Advanced Search
MyIDEAS: Login

Do Very High Tax Rates Induce Bunching? Implications for the Design of Income Contingent Loan Schemes

Contents:

Author Info

  • BRUCE CHAPMAN
  • ANDREW LEIGH

Abstract

Under the Higher Education Contribution Scheme graduates face a sharp discontinuity in their taxable incomes. At the first repayment threshold, they are required to pay a percentage of their entire income to reduce their debts. This results in an extremely high effective marginal tax rate. Using a sample of taxpayer returns we investigate whether taxpayers bunch below the repayment threshold. We find a statistically significant degree of bunching below the threshold, but the effect is economically small. The result has important implications for the design of income contingent university loan schemes. Copyright © 2009 The Economic Society of Australia.

Download Info

If you experience problems downloading a file, check if you have the proper application to view it first. In case of further problems read the IDEAS help page. Note that these files are not on the IDEAS site. Please be patient as the files may be large.
File URL: http://www.blackwell-synergy.com/servlet/useragent?func=synergy&synergyAction=showTOC&journalCode=ecor&volume=85&issue=270&year=2009&part=null
File Function: link to full text
Download Restriction: Access to full text is restricted to subscribers.

As the access to this document is restricted, you may want to look for a different version under "Related research" (further below) or search for a different version of it.

Bibliographic Info

Article provided by The Economic Society of Australia in its journal Economic Record.

Volume (Year): 85 (2009)
Issue (Month): 270 (09)
Pages: 276-289

as in new window
Handle: RePEc:bla:ecorec:v:85:y:2009:i:270:p:276-289

Contact details of provider:
Postal: Central Council Administration, L.P.O. Box 2161, Hawthorn VIC 3122
Phone: 61 3 9497 4140
Fax: 61 3 9497 4140
Email:
Web page: http://www.blackwellpublishing.com/journal.asp?ref=0013-0249
More information through EDIRC

Order Information:
Web: http://www.blackwellpublishing.com/subs.asp?ref=0013-0249

Related research

Keywords:

Other versions of this item:

Find related papers by JEL classification:

References

References listed on IDEAS
Please report citation or reference errors to , or , if you are the registered author of the cited work, log in to your RePEc Author Service profile, click on "citations" and make appropriate adjustments.:
as in new window
  1. Hilary Hoynes & Richard Blundell, 2001. "Has "In-Work" Benefit Reform Helped the Labour Market?," NBER Working Papers 8546, National Bureau of Economic Research, Inc.
  2. Braithwaite, Valerie & Ahmed, Eliza, 2005. "A threat to tax morale: The case of Australian higher education policy," Journal of Economic Psychology, Elsevier, vol. 26(4), pages 523-540, August.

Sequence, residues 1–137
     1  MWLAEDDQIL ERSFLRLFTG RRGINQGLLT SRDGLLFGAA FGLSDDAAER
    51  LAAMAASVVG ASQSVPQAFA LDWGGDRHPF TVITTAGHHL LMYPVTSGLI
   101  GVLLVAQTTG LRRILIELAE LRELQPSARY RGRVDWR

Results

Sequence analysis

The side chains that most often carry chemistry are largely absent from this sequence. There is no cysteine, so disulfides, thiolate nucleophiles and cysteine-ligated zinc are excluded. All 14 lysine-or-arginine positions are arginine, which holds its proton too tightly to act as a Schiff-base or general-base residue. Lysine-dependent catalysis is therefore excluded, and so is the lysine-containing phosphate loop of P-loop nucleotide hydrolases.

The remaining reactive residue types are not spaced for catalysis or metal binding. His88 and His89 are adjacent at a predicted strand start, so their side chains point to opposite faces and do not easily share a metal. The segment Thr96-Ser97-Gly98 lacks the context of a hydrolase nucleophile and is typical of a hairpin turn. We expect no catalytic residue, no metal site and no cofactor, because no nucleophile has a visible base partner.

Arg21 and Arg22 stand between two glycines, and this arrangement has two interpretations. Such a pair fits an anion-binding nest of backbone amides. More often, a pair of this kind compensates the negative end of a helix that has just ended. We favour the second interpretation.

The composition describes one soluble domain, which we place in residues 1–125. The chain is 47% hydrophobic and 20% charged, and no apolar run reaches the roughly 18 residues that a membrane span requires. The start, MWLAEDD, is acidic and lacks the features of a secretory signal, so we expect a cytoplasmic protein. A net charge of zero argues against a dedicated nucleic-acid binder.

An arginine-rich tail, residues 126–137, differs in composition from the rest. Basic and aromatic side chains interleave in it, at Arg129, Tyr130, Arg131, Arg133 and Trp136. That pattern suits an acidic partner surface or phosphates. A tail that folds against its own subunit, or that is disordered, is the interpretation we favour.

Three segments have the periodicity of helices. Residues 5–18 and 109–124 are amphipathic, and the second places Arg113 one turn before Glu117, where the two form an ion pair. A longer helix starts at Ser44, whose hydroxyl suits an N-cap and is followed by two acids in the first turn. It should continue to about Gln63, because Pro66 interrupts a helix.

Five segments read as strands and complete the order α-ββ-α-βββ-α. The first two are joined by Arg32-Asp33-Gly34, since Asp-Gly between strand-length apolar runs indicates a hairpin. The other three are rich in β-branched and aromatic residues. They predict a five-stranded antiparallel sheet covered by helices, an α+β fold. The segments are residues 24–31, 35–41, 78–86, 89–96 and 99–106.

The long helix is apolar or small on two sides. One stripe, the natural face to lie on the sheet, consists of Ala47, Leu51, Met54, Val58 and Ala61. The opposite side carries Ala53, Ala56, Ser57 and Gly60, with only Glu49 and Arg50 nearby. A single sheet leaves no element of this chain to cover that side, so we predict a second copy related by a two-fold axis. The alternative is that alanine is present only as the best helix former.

3. Leora Friedberg, 1999. "The Labor Supply Effects of the Social Security Earnings Test," NBER Working Papers 7200, National Bureau of Economic Research, Inc.
Full references (including those not matched with items on IDEAS)

Citations

Citations are extracted by the CitEc Project, subscribe to its RSS feed for this item.
as in new window

Cited by:
  1. Stavrunova, Olena & Yerokhin, Oleg, 2014. "Tax incentives and the demand for private health insurance," Journal of Health Economics, Elsevier, vol. 34(C), pages 121-130.
  2. Blomquist, Sören & Simula, Laurent, 2010. "Marginal Deadweight Loss when the Income Tax is Nonlinear," Working Paper Series, Center for Fiscal Studies 2010:1, Uppsala University, Department of Economics.
  3. Chapman, Bruce & Sinning, Mathias, 2011. "Student Loan Reforms for German Higher Education: Financing Tuition Fees," IZA Discussion Papers 5532, Institute for the Study of Labor (IZA).
  4. DEL REY, Elena & RACIONERO, Maria, . "Financing schemes for higher education," CORE Discussion Papers RP -2181, Université catholique de Louvain, Center for Operations Research and Econometrics (CORE).
  5. Chapman, Bruce & Lounkaew, Kiatanantha, 2010. "Income contingent student loans for Thailand: Alternatives compared," Economics of Education Review, Elsevier, vol. 29(5), pages 695-709, October.

Lists

This item is not listed on Wikipedia, on a reading list or among the top items on IDEAS.

Statistics

Access and download statistics

Corrections

When requesting a correction, please mention this item's handle: RePEc:bla:ecorec:v:85:y:2009:i:270:p:276-289. See general information about how to correct material in RePEc.

For technical questions regarding this item, or to correct its authors, title, abstract, bibliographic or download information, contact: (Wiley-Blackwell Digital Licensing) or (Christopher F. Baum).

If you have authored this item and are not yet registered with RePEc, we encourage you to do it here. This allows to link your profile to this item. It also allows you to accept potential citations to this item that we are uncertain about.

If references are entirely missing, you can add them using this form.

If the full references list an item that is present in RePEc, but the system did not link to it, you can help with this form.

If you know of missing items citing this one, you can help us creating those links by adding the relevant references in the same way as above, for each refering item. If you are a registered author of this item, you may also want to check the "citations" tab in your profile, as there may be some citations waiting for confirmation.

Please note that corrections may take a couple of weeks to filter through the various RePEc services.